Monday, April 17, 2017

Why the Connected Patient is the Killer App in the Digital Age of Medicine

If you search on the phrase “killer app”, you will find a definition along the lines of a feature, function, or application of a new technology or product that is presented as virtually indispensable. The two essential components of the killer app being:

1. Competitive features and function
2. Indispensability

Before diving into the healthcare part of this, it is worth mentioning one of the all-time great killer apps in consumer technology: The Sony Walkman.

Unlike the stereo system in your bedroom, it fit into a backpack, and you could take it with you. Additionally, you could listen to music of your own choosing whenever you wanted, as opposed to whatever the radio played. And by 1983, cassette tapes had outsold vinyl—so you could get virtually any album to play on it, which made it even more indispensable in the market.

Competitive Features and Functions in Medical Technology

Considering some of medtech’s great killer apps over the last 15 years—from remote monitoring systems for cardiac pacing to molecular diagnostics using the human genome—there is a common denominator that threads across the features and functions of these products. Simply put, they have slowly but surely become more centered around individual patients and their lives.

Whether it was the Bluetooth-enabled data uploads that were patient-triggered (from the nightstand!) in early remote monitoring or the patient’s own biology that led to improved diagnosis, it’s easy to identify “patient-centric” features and functions. But historically, a practical challenge to even the most novel diagnostics and therapies becoming indispensable in the market was that patients had minimal role in determining product value.

This is rapidly changing in the digital era.

How the Connected Patient Will Define Value in our Future

Alec Ross, the author of NYT bestseller Industries of the Future, has an intriguing way of looking at our eras of progress and the markets that revolved around them—basically, it comes down to raw materials and who has owned them. In the agricultural age, landowners owned the farmland; in the industrial age, corporations owned the iron.

Today, in the digital age, individuals own data. And in the digital era of medicine, patients and their data underlie the volume-to-value transformation…starting right now.

Why now? Because every single connected consumer in the US is a patient at some point. But as importantly, patient-consumers have integrated healthcare into their daily lives and are exhibiting new behaviors because of it. For example, Google has reported that “healthcare where and when I want it”-type searches have surged since 2013, and in 2016 the majority of health-related searches shifted from web to mobile for the first time in history.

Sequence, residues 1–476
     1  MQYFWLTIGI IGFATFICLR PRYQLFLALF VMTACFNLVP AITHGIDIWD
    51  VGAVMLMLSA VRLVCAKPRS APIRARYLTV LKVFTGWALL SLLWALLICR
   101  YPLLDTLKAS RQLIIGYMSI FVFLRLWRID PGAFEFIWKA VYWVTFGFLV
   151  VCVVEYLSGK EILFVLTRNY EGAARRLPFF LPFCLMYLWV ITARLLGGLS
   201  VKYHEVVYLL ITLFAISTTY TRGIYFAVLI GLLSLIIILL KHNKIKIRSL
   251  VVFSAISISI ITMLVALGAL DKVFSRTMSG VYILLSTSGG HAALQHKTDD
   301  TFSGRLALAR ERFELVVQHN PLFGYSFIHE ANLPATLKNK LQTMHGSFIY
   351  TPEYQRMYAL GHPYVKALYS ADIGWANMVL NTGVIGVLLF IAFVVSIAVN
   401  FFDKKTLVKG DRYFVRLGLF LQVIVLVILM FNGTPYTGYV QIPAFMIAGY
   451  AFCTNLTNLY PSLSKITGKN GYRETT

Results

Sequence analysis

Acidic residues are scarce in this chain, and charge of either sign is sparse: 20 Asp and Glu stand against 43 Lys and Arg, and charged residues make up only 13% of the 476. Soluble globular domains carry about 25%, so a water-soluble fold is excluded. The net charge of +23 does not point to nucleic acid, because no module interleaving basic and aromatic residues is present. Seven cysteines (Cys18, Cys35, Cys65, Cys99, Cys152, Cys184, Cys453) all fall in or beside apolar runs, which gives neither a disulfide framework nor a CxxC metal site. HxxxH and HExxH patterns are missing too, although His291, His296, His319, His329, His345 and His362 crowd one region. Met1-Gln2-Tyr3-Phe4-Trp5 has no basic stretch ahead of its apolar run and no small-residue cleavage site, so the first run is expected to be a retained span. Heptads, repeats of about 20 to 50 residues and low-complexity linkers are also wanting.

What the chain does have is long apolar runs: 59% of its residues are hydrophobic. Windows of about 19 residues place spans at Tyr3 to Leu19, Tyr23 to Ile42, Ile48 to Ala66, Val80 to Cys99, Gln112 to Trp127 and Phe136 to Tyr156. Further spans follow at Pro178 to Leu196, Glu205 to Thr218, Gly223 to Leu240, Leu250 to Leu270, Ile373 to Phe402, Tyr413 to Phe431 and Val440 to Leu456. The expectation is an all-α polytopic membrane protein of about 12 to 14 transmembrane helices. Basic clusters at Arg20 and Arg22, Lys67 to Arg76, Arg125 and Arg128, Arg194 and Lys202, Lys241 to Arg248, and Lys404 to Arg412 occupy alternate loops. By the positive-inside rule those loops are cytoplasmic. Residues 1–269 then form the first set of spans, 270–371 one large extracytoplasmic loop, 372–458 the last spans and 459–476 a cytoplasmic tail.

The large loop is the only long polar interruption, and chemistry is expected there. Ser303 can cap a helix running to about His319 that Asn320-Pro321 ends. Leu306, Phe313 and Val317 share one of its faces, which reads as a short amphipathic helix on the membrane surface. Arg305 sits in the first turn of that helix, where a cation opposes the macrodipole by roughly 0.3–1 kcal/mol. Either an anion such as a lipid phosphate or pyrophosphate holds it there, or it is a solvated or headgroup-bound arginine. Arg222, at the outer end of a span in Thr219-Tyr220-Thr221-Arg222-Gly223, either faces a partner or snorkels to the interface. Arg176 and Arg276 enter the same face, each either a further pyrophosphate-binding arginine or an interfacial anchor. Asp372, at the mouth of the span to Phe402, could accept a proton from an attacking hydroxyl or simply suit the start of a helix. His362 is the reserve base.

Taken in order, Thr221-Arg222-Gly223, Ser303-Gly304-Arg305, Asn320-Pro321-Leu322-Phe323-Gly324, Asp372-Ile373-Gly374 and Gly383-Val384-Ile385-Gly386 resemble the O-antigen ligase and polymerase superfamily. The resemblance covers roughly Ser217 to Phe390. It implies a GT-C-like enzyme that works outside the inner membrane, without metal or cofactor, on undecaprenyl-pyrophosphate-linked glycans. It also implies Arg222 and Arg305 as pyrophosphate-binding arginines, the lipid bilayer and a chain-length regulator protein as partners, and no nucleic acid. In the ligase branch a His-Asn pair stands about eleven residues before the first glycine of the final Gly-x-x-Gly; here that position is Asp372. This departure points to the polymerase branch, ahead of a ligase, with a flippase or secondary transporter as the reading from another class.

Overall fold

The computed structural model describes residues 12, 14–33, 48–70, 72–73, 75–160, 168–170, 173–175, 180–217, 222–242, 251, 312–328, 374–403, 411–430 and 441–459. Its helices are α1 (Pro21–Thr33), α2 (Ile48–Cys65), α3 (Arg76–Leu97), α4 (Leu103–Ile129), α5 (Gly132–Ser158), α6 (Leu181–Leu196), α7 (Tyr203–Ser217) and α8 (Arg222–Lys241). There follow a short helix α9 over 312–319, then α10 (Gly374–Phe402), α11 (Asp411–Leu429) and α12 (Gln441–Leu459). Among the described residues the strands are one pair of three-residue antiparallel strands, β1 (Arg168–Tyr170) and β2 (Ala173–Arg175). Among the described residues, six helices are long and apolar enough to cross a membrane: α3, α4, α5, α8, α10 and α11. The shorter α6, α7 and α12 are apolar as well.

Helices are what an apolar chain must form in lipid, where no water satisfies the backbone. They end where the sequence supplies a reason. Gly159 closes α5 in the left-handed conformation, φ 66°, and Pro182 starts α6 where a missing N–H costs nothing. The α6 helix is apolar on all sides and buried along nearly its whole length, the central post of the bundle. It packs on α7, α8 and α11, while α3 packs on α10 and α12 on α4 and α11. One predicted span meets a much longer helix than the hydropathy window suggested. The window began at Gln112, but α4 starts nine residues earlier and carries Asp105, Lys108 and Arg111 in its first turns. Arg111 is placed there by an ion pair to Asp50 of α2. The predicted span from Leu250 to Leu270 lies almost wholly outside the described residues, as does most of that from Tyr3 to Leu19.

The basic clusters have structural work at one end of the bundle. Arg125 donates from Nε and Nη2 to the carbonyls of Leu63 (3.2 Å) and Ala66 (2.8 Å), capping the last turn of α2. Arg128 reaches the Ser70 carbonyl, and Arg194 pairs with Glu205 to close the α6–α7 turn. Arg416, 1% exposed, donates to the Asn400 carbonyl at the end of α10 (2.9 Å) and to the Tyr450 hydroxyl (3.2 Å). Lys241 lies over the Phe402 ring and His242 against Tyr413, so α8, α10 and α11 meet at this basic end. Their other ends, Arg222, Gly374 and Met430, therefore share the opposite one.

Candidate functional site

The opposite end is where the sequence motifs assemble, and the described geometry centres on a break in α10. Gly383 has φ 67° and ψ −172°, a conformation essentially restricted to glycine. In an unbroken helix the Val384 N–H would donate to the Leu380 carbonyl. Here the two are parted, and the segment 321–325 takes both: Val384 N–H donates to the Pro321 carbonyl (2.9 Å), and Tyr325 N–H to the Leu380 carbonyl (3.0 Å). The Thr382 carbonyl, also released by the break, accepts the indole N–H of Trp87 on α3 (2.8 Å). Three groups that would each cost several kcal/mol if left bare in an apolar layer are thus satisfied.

If healthcare technology is becoming integrated into the real life of patients, the way we measure health outcomes should reflect this shift.

This takes us full-circle, back to patients and their digital data and why they are key to our value-based future—with their help, their data can be used to quantify and enhance health outcomes outside of clinic walls, so we can finally see what’s working, or not, in the real life of patients. And if real life patient data is redefining health outcomes, and outcomes are the basis of value-based care, then connected patients are the virtually indispensable component of healthcare in the 21st century. I.e., the connected patient is the killer app in the digital age of medicine….as the famous Sony Walkman ad said, “There’s a revolution in the streets.”

Deborah Kilpatrick, Ph.D., is an executive with broad experience in development and commercialization of new medical technologies and products for primary care and specialty channels. Her operational roles have spanned domestic and global leadership in R&D, corporate strategic planning and new technology incubation, as well as marketing, sales, and reimbursement in Fortune 500 and Silicon Valley start-up healthcare companies. 

Richard Milani, Chief Clinical Transformation Officer at Ochsner Health System, is also Vice-Chairman, Cardiovascular Diseases at Ochsner Health System. He has helped to shape and lead the Ochsner organization for almost eighteen years.

Ochsner Health System is an Evidation Health partner and Louisiana’s largest non-profit, academic healthcare system. To learn more about their medical expertise and innovationOchsner’s digital health capabilities, visit and

To learn more about how healthcare companies are using Evidation Health’s Real Life Study Solution to quantify health outcomes in the digital era of medicine, follow @evidation.

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